For DJ Uiagalelei, this season probably has felt more like 2.

There’s the 1st half of the 2022 campaign, when the junior quarterback made good on Dabo Swinney’s ACC Media Day promise that Clemson fans would see a “different DJ” this season.

Through the first 7 games, all Clemson wins, Uiagalelei was outstanding, tossing 17 touchdown passes against just 2 interceptions and adding 4 more touchdowns on the ground, along with 4 games when he tallied more than 50 yards rushing. That’s season No. 1, when Uiagalelei was injecting himself into the middle of the ACC Player of the Year conversation, playing with confidence and swagger and helping the Tigers overcome an uncharacteristically slow start, by their lofty standards, on defense. Clemson scored at least 30 points during each of the first 7 games, including 51 in a back-and-forth tilt at then-No. 20 Wake Forest that put the Tigers in the Atlantic Division driver’s seat by the end of September.

Then came season No. 2, which looked more like 2021 for Uiagalelei. During a 5-game stretch to close the regular season, Uiagalelei struggled and Clemson lost twice, spoiling any hopes the Tigers had of advancing to another College Football Playoff. Uiagalelei threw just 5 touchdown passes during that 5-game span, and he hurled 5 interceptions as well, including a clinching interception returned for a score against Notre Dame. Uiagalelei also was less effective as a runner, breaking the 50-yard mark just twice over Clemson’s final 5 contests. The offense sputtered late in the season, scoring 30 or more in just 3 of the 5 games, and managing just 14 on the road against Notre Dame.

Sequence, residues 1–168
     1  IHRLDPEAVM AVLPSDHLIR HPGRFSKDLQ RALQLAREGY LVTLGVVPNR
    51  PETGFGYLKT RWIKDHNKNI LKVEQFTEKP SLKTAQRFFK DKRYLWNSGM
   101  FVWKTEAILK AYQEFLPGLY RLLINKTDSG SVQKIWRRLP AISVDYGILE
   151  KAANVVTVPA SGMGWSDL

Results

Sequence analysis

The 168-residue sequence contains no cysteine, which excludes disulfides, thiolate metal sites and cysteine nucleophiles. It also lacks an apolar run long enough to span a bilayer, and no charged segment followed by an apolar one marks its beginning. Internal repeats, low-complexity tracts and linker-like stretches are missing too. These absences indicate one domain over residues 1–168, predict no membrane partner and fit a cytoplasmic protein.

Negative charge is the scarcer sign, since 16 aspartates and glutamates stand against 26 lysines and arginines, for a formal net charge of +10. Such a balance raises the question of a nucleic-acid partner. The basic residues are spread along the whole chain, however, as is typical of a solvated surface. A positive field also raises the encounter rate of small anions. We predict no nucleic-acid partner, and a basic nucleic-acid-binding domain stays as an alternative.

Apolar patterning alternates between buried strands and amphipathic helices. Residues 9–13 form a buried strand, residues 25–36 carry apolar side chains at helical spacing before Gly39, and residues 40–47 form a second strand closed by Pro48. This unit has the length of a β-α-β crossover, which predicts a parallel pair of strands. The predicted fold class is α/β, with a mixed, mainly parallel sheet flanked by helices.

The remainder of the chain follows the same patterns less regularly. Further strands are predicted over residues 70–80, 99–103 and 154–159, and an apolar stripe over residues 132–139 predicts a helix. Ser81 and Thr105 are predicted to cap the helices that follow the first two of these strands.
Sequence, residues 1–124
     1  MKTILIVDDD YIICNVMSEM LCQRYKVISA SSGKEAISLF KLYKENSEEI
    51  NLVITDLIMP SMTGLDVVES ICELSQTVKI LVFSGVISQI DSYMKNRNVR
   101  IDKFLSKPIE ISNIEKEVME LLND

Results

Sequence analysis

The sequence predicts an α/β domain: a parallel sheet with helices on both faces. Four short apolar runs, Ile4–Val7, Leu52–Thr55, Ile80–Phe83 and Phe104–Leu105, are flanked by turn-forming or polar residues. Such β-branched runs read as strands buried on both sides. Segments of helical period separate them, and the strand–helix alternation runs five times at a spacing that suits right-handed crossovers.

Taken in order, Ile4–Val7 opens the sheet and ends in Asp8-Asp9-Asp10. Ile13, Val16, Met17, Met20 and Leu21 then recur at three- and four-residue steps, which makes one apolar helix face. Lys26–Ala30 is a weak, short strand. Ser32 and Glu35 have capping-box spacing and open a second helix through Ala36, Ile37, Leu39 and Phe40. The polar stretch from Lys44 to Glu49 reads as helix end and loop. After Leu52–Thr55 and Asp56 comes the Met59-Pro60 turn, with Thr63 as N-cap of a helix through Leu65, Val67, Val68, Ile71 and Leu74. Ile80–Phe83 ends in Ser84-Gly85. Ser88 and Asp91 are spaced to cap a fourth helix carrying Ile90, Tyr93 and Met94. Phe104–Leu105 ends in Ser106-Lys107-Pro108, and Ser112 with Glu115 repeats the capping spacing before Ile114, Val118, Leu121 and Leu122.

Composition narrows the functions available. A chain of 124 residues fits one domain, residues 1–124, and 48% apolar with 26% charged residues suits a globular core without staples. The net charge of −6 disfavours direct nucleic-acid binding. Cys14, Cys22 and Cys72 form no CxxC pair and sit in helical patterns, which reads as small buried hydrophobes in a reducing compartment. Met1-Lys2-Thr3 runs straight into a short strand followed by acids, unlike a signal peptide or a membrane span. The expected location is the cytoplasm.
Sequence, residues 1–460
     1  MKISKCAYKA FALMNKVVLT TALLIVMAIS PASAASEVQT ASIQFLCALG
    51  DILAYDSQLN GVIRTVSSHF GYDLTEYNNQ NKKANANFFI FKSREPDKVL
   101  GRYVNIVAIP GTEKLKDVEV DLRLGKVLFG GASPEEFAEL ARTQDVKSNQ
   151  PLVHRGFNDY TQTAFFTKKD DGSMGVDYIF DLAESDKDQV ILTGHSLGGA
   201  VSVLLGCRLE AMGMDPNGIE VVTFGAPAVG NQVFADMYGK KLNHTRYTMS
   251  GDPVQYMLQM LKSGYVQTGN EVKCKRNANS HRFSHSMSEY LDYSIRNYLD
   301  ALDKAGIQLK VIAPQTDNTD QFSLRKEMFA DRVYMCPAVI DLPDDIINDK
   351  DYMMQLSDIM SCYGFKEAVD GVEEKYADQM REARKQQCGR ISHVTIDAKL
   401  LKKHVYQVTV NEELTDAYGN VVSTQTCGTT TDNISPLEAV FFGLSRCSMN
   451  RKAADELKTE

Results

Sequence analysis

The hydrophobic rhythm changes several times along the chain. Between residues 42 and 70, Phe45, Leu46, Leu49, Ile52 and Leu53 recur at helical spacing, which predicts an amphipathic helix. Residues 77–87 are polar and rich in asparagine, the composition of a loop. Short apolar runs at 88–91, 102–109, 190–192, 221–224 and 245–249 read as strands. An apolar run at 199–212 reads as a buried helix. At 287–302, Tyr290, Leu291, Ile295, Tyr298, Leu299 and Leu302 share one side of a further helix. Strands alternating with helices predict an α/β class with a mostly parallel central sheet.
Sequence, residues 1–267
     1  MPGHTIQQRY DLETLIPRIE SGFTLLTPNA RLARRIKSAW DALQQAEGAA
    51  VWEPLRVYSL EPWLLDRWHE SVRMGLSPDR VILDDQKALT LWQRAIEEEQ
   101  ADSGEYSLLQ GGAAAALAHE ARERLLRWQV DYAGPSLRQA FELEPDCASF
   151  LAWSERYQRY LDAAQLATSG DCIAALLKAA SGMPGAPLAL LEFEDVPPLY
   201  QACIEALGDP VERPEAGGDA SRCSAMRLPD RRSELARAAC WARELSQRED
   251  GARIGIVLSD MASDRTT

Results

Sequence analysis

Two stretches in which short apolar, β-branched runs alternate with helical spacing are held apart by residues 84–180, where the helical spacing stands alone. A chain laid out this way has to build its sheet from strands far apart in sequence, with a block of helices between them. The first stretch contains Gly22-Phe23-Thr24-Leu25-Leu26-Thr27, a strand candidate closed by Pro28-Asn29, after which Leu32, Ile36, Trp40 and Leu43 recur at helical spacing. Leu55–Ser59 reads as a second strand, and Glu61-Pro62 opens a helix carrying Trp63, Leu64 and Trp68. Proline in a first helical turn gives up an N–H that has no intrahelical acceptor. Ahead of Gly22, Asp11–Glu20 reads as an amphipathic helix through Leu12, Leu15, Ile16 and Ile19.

With Uiagalelei playing more like the 2021 version who became the 1st Clemson starting quarterback to fail to win the ACC in 7 seasons, as opposed to the guy who defenses couldn’t handle in victories over ranked Wake Forest and NC State teams, Clemson’s dreams of the program’s 4th national championship withered last week at Death Valley, where the Tigers lost to archrival South Carolina 31-30 and in the process, saw the nation’s longest home winning streak end at 40 games.

While many Clemson fans have been calling for Swinney to turn the reins over to the Tigers’ latest 5-star quarterback prodigy, Cade Klubnik, since the freshman led a furious rally to defeat upset-minded Syracuse during late October, the coach has demurred. Swinney has insisted Clemson needs to play better around Uiagalelei, and defended his quarterback again after the South Carolina loss. 

“DJ had some plays that he’d like to have back, but he was a long way away from being the reason we lost the game, that’s for sure,” Swinney told reporters during a Sunday teleconference. “He doesn’t return kicks and play safety and catch the ball. He can only control his part, but all of those things affect your psyche and the rhythm of the game.”

He repeated himself Monday, telling assembled media that “DJ wasn’t the reason we lost 2 games, and if he was, we would have made a change.” Swinney also reiterated an important reality: Klubnik, for all his talents, isn’t ready.